Americans Continue To Shell Out Big Bucks For Their Pets
March 28, 2019
(Industry Intelligence Inc.)
– A new report from the American Pet Products Association showed one thing above all: Americans are still willing to spend a fortune on pet care.
According to the report, pet care spending in 2018 reached a record-breaking high of $72.56 billion, compared with $69.51 billion in 2017, an increase of over 4%.
"Millennials continue to be the largest pet-owning demographic, and this shows in the data," said Bob Vetere, president and CEO of the APPA. "We know this generation is willing to pay more for quality products and services to improve the health and well-being of their pets. Today more than ever, pet owners view their pets as irreplaceable members of their families and lives, and it's thanks to this that we continue to see such incredible growth within the pet care community."
Spending on pet food continues to make up the majority of dollars spent in the industry, with premium dog food accounting for the most frequent type of food purchased, followed by generic and natural food. The report states that the ongoing growth in this category likely stems from rising prices and sales of higher-priced foods made with quality ingredients. An interest in natural, locally sourced treats and chews has never been higher among U.S. pet owners.
"In the coming year, we anticipate steady growth in the pet food category thanks to opportunities that reside in specialized diets, targeting the aging pet population and pets with unique dietary needs," Vetere said. "The availability of fresh food options and subscription delivery programs is also expected to increase spending in this category."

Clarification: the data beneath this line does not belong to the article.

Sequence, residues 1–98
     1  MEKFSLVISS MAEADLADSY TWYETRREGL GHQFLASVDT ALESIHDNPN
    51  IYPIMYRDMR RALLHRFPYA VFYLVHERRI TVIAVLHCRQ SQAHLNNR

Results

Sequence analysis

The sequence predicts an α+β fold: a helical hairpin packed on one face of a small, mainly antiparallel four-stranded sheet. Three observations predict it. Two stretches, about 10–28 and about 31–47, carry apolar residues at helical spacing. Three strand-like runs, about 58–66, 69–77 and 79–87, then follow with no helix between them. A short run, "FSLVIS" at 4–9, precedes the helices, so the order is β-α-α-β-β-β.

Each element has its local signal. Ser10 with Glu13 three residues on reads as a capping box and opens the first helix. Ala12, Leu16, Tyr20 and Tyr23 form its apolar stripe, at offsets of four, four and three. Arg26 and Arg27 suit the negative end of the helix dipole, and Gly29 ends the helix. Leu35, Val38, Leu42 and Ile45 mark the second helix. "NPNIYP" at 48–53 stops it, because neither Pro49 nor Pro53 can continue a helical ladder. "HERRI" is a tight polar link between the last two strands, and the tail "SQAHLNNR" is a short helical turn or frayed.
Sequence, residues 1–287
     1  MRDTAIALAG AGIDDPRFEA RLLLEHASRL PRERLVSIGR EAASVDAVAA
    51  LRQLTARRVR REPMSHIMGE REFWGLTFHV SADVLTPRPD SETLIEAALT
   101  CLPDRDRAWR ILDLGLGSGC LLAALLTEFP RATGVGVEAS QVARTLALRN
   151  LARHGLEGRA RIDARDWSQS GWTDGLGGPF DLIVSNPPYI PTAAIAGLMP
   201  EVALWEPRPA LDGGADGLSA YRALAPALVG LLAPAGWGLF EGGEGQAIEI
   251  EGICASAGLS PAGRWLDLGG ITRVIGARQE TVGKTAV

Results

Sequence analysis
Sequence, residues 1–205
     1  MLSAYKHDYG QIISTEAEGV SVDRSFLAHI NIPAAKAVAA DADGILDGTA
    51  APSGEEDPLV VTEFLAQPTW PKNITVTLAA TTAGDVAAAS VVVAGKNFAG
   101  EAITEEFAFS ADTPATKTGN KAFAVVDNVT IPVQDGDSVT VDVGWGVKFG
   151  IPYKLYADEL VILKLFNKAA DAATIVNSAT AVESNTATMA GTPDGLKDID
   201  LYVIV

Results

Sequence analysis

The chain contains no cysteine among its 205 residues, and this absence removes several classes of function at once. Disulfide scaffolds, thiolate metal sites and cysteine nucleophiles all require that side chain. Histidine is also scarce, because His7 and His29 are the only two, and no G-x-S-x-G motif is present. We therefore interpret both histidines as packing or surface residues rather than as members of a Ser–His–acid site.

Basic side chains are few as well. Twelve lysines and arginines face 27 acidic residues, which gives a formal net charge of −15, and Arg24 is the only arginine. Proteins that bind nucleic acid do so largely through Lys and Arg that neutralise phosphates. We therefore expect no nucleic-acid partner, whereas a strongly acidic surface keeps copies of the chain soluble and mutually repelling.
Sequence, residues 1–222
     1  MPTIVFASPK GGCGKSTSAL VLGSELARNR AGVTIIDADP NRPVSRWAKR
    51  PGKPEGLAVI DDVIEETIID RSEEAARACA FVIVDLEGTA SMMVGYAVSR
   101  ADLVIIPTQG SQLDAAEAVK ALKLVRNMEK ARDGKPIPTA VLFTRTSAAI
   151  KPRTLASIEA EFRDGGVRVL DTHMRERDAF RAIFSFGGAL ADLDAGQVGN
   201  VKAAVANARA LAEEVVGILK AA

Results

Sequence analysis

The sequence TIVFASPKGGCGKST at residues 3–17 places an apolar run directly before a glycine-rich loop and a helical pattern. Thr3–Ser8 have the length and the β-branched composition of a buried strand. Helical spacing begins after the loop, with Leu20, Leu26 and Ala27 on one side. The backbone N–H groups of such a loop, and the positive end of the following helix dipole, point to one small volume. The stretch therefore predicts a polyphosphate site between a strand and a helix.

Coming in at $18.11 billion, veterinary care remains the second-highest source of spending in the pet care community, surpassing growth in any other category at a rate of 6.1%. The frequency of vet visits has likely increased as well, thanks to lower prices, making care more accessible to a broader audience. As a result, the trend of pet insurance is projected to increase, with pets living longer and requiring more complex and extended medical care.
Spending on supplies and over-the-counter medications holds the spot for the third-highest source of pet spending. Up 6% from 2017, $16.01 billion was spent on items such as beds, collars, leashes, toys, travel items, clothing, food and water bowls, pet tech products, and other accessories. The use of pet medications and supplements to ensure longer, healthier lives for pets continues to increase. In addition, pet owners are more likely to use digital devices and technology compared to non-pet owners, which explains the rise in popularity of pet technology products.
In short: Pet care remains a booming business in America.
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